Bosnia was a secondary constituent of the Austro-Hungarian Dual Monarchy under the control of the Austrian Crown. It is now part of the autonomous country of Illyria.
The Treaty of Berlin in 1878 forced the Ottomans to cede administration of Bosnia to Austria-Hungary. A state of relative stability was reached soon enough and Austro-Hungarian authorities were able to embark on a number of social and administrative reforms. With the aim of establishing the province as a stable political model that would help dissipate rising South Slav nationalism, Habsburg rule did much to codify laws, to introduce new political practices and generally to provide for modernization. The Austro-Hungarian policy, which advocated the ideal of a pluralist and multi-confessional Bosnian nation, was largely favored by the Muslims and its economical success also helped soothing the rising tides of nationalism.
Austria-Hungary decided to annex Bosnia in October 1908 as a common holding under the control of the Finance ministry, rather than attaching it to either territorial government. This decision once again rised the soothed nationalism and worsened the relations between Austria-Hungary and Russia. The political tensions culminated on June 28 1914, when the heir to the Austro-Hungarian throne, Archduke Franz Ferdinand, was assassinated in Sarajevo; an event that proved to be the spark that set off the Weltkrieg. Although some Bosnians died serving in the armies of the various warring states, Bosnia itself managed to escape the conflict relatively unscathed.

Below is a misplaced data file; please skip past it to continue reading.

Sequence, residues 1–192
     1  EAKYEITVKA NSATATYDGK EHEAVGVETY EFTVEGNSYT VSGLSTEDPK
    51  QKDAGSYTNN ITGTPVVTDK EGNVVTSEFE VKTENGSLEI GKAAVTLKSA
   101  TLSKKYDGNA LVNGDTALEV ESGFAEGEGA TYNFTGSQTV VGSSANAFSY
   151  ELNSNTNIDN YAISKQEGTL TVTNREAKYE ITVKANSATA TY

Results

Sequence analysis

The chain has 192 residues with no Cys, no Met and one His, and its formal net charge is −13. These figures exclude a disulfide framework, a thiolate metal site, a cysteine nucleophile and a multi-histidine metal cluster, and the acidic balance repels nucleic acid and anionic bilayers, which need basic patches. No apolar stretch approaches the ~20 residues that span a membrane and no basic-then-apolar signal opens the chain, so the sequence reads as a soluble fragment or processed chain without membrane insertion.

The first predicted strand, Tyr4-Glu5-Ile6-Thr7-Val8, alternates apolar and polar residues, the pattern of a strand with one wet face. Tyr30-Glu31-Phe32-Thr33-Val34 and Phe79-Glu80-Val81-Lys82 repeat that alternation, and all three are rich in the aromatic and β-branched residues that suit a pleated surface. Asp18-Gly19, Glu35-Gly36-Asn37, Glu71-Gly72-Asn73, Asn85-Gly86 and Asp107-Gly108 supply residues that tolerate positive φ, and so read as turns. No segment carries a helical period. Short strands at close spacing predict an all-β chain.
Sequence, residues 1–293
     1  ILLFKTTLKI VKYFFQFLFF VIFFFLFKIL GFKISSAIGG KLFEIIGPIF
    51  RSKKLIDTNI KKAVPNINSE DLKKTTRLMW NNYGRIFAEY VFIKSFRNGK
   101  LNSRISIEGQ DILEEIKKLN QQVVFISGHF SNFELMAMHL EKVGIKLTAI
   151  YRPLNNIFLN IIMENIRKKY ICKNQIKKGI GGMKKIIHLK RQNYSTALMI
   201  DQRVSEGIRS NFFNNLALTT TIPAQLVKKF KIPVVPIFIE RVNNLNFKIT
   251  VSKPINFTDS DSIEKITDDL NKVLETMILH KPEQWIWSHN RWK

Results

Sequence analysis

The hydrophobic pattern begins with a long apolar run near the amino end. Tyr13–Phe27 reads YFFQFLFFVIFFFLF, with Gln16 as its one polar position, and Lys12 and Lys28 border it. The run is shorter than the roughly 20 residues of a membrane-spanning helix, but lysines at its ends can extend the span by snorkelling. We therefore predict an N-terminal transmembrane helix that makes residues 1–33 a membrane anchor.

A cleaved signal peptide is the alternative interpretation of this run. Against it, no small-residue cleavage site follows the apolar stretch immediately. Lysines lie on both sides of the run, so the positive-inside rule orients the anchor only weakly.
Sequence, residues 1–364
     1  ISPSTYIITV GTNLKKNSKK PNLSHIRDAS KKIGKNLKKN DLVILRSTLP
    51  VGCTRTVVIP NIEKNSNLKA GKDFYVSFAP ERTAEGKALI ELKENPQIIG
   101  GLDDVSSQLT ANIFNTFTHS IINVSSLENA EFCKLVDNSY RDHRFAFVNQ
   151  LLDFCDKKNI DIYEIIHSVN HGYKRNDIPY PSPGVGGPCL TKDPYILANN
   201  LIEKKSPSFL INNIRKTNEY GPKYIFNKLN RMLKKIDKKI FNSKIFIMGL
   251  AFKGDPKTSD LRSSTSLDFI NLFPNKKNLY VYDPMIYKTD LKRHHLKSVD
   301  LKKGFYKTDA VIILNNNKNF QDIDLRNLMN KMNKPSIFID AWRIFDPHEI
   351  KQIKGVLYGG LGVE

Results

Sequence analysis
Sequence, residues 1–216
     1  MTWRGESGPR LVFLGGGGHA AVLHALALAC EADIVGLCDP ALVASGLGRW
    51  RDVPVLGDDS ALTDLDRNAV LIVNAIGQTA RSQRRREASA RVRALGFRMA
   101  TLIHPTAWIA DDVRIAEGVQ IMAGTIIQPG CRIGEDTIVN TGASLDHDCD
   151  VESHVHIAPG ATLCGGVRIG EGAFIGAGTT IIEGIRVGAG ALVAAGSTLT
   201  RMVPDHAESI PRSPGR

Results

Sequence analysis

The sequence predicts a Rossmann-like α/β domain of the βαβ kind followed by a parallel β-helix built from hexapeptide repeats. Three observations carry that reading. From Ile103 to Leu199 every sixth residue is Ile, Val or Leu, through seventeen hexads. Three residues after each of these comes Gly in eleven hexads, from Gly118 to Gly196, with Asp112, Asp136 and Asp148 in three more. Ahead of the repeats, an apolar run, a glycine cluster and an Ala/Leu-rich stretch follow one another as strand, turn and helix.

Bosnia became a constituent part of Austria-Hungary. Emperor Otto I von Habsburg was represented by Governor Georg Dragicevic and the government was led by Minister-President Osman Zulfikarpasic.
During the renegotiations of the Ausgleich in 1927, Bosnia was merged with Croatia and the newly annexed Montenegro to form the Kingdom of Illyria as an autonomous country within the empire, with Stjepan Radić as the country's head of state.